In recent decades, sub-Saharan Africa has experienced some of the most dramatic increases in primary school enrolment rates of any region worldwide.
Though there is still room for progress the fact remains that more children are going to school, adolescents are staying in school and girls are increasingly enjoying the same educational opportunities as boys. These are all reasons to celebrate.
But does more school mean more learning and better lives?
Researchers and policymakers have become concerned that there’s an unintended consequence of the increase in the number of children going to school: a decline in the quality of education and the well-known benefits of education.
As more students enrol they are being squeezed into existing schools rather than new institutions being built. When there are more children in a single classroom, already scarce educational resources are spread thin and learning may suffer.
Malawi, a small country in southeast Africa, is a case in point. By all standards, Malawi is one of the poorest countries in the world. Despite its economic challenges the government took the bold step in the 1990s of eliminating all primary school fees.
The policy, part of the Free Primary Education Initiative, took effect in 1994 and had a large, immediate impact: the number of Malawian children participating in school increased from 1.9 million to 3.1 million in a single year.
The initiative undoubtedly gave more Malawians the opportunity to go to school. But questions have lingered about whether their education was of sufficient quality, and in turn, will lead to advantages in adulthood. The children who started school around the time the policy was put into place are now young adults and recent evidence confirms that despite having gone to school, many lack basic academic skills.
Take reading skills, for example. A recent study in the Balaka district in southern Malawi found that less than half (40%) of young adults who completed the final year of primary school (grade 8) could fully read and comprehend a simple sentence in Chichewa, Malawi’s official and most widely spoken language. Equally striking is that only three quarters of young adults who made it to secondary school (grade 9-12) could fully read and comprehend basic Chichewa.
Smith-Greenaway, E. (2015). Are literacy skills associated with young adults' health in Africa? Evidence from Malawi. Social Science & Medicine, 127, 124-133.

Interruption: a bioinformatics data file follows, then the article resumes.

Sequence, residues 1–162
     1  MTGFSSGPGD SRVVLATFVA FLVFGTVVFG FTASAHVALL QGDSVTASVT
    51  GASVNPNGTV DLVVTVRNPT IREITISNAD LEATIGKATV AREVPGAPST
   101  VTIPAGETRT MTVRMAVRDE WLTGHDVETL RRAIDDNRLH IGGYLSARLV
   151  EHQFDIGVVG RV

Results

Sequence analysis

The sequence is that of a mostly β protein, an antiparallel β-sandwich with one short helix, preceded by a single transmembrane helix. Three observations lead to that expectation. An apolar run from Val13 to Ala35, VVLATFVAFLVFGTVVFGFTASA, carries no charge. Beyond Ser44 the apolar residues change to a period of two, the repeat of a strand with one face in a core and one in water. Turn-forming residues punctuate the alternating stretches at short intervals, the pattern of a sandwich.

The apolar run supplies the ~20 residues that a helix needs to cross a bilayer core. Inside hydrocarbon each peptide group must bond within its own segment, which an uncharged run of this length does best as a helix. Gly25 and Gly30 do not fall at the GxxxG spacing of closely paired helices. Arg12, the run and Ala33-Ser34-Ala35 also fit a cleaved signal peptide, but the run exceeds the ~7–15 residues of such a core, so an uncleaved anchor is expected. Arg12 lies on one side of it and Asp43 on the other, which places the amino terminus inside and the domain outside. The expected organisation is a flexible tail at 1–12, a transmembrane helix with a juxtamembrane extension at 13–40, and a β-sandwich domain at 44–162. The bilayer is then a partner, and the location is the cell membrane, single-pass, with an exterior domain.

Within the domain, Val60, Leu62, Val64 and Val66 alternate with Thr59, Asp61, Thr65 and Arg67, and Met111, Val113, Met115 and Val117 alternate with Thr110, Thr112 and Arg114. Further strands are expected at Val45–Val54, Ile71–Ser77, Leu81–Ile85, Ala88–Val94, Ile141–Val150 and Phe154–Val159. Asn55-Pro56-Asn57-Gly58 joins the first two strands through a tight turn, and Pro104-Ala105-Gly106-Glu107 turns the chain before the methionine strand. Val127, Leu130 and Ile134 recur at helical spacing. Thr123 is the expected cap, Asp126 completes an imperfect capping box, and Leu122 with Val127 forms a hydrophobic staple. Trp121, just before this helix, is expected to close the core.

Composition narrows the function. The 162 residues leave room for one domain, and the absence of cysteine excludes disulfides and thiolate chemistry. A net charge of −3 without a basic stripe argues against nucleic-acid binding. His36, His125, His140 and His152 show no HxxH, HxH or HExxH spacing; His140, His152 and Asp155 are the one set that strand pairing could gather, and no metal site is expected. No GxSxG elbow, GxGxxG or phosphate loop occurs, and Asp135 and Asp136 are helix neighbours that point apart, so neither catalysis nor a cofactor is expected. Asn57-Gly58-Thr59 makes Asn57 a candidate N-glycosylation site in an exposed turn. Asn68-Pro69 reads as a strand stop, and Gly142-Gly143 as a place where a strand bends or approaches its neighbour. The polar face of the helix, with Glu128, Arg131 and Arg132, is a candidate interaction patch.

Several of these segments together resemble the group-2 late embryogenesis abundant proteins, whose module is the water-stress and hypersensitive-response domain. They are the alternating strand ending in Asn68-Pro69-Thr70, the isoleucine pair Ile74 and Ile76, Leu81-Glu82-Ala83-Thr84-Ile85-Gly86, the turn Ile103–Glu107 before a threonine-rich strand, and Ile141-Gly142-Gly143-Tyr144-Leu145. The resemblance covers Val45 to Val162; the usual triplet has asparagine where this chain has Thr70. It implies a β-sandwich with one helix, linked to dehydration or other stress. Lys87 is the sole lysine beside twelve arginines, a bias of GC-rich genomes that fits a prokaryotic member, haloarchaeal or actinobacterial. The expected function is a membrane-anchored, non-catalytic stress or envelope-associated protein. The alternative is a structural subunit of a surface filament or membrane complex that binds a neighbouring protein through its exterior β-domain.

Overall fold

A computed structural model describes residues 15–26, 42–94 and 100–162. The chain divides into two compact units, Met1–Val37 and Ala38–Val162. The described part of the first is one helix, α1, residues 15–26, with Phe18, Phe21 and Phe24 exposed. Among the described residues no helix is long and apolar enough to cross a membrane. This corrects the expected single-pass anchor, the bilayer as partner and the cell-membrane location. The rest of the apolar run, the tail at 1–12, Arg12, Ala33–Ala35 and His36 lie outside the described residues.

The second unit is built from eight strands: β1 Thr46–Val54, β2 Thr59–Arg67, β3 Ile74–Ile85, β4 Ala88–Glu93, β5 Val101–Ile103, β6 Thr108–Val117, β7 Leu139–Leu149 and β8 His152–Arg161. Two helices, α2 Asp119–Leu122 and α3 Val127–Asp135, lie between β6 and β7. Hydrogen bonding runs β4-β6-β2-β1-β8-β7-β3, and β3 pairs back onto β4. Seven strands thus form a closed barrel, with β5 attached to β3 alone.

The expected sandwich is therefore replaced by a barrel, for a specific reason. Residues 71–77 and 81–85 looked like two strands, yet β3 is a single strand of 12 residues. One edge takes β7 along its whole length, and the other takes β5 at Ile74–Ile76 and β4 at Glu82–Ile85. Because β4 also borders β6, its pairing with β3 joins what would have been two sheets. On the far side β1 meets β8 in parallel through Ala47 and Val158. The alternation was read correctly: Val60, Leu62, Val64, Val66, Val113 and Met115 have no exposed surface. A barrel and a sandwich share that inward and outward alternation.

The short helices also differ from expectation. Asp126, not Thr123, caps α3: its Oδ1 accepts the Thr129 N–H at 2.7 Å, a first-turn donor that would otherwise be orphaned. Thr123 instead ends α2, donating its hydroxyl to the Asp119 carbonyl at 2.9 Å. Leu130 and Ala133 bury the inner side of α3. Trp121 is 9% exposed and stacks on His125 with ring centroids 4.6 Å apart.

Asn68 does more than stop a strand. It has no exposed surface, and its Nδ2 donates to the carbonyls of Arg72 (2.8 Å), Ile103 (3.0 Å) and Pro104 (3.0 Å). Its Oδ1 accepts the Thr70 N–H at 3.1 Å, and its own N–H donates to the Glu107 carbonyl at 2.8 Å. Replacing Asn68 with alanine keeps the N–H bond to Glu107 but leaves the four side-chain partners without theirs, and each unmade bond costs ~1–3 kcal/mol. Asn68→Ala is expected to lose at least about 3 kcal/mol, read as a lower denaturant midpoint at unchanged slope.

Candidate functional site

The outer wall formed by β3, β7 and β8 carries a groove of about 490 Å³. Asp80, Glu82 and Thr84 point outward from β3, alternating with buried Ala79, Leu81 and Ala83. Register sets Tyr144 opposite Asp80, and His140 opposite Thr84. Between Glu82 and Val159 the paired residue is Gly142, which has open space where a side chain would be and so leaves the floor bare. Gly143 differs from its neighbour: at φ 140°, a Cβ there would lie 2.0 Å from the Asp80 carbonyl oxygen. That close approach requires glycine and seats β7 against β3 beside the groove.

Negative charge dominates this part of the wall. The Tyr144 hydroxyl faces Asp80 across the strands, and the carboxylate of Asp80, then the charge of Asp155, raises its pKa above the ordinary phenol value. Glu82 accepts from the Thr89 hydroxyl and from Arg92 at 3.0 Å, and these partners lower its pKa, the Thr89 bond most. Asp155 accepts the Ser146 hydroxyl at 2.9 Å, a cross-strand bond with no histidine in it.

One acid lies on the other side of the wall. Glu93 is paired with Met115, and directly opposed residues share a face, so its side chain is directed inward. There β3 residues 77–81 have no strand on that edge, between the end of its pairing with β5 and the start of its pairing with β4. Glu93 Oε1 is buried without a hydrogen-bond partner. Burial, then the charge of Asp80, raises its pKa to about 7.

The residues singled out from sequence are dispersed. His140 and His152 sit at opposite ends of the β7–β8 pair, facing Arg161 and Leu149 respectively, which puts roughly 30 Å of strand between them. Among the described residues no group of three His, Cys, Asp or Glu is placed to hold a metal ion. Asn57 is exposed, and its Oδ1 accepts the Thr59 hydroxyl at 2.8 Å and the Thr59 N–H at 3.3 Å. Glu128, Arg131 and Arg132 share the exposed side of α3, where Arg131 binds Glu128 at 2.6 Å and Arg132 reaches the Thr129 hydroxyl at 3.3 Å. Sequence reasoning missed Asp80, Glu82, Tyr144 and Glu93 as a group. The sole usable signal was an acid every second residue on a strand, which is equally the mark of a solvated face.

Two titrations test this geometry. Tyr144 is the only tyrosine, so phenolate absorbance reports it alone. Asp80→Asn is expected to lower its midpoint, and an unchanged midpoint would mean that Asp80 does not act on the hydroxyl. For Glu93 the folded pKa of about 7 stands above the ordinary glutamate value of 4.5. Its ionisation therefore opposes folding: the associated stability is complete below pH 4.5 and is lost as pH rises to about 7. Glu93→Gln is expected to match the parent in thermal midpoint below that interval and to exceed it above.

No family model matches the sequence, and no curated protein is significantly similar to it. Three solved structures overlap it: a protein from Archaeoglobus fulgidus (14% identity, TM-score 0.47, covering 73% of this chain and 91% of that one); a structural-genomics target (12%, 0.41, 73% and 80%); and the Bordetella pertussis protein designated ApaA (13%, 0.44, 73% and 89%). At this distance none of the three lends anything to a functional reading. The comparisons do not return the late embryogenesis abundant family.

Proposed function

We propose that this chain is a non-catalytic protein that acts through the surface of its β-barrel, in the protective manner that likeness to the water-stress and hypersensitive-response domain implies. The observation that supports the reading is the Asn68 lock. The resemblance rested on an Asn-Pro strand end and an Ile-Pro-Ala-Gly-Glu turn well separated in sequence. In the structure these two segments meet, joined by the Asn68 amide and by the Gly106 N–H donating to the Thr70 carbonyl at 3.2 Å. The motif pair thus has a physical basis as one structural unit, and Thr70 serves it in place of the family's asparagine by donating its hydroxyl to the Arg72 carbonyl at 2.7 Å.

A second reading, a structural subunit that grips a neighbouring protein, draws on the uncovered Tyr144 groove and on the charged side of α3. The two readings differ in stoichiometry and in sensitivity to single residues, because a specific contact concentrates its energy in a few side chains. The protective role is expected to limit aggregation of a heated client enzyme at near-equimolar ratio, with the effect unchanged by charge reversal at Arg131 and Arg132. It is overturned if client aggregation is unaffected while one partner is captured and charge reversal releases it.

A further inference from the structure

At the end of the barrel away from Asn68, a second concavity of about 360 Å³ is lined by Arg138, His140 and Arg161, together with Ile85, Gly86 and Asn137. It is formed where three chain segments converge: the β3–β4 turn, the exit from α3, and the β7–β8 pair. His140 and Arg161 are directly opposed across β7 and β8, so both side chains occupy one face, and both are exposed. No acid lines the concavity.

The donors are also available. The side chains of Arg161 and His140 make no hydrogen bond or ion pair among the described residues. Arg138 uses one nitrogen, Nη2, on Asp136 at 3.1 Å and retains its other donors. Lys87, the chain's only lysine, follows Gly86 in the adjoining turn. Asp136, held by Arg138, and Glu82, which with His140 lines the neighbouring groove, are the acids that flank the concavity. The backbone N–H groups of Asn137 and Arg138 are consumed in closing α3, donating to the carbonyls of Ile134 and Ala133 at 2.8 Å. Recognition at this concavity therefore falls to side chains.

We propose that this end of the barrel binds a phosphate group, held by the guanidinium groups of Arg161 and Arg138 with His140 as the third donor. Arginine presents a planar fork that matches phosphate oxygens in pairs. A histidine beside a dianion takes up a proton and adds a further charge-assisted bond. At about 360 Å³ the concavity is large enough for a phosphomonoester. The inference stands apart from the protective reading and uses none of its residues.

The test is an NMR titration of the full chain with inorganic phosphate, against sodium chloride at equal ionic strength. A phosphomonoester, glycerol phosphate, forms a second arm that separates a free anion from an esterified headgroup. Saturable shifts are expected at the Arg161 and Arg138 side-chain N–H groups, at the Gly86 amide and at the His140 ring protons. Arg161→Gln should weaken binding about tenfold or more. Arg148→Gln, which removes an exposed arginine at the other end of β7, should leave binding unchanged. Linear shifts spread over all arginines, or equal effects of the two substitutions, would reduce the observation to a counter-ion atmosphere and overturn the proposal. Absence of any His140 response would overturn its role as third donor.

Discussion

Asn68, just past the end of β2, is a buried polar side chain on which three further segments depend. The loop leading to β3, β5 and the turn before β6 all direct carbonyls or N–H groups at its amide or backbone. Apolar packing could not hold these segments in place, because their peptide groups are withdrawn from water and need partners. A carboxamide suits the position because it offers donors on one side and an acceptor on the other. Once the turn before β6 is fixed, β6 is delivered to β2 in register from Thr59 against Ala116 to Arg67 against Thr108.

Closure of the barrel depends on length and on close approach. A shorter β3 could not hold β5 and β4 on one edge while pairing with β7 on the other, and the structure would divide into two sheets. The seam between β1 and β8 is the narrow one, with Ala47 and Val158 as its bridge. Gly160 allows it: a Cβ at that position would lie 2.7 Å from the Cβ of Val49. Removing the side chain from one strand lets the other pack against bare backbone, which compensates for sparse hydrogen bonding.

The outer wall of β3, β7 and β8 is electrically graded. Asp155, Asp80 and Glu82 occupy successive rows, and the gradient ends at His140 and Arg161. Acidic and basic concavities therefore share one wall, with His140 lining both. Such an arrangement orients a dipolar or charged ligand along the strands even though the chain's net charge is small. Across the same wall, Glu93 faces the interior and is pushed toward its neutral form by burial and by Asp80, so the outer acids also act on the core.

Does limited learning shape lives?
If young Malawians did not learn basic skills like reading, will this disadvantage them in the long term? Recent evidence suggests the answer is yes – at least in terms of their health. Statistical models which account for other sources of health inequality show that young adults who lack reading skills are more likely to experience a prolonged sickness and overall worse health than their peers who mastered greater reading skills.
Good health in early life is essential to maintain well-being throughout adulthood and into old age, so even though these less literate young adults have gone to school they are likely to face health struggles as they age.
Of course, the experiences in Malawi are not representative of the entire continent. The development community agrees that the way the Free Primary Education policy was implemented in Malawi – quickly and with few extra resources – weakened an already strained school system.
In other African countries, the expansion of school access may have not sacrificed school quality to the extent it did in Malawi, suggesting that more young adults may have successfully learned how to read in school.
Some education still better than none
There is also reason to believe that even if it is low quality, educational expansion is beneficial. Research has shown that the benefits from education have a spill over effect. Even if a young adult didn’t learn how to read, living in a family, neighbourhood or country where others have done so may still shape their lives in fundamental ways, including their health knowledge, fertility, and their children’s health.
But increasing the quality of education will ensure that expanding access to schooling is as beneficial as possible. Learning how to read doesn’t have to be restricted to the formal school system.
Africa has a long, rich literary tradition and other institutions could play a role in promoting literacy. Increasing investments in innovative learning projects that can operate outside the formal school system may go a long way in promoting literacy in the region.
Emily Smith-Greenaway has received funding from the Eunice Kennedy Shriver National Institute of Child Health and Human Development and the American Association of University Women to conduct this research.
Authors: The Conversation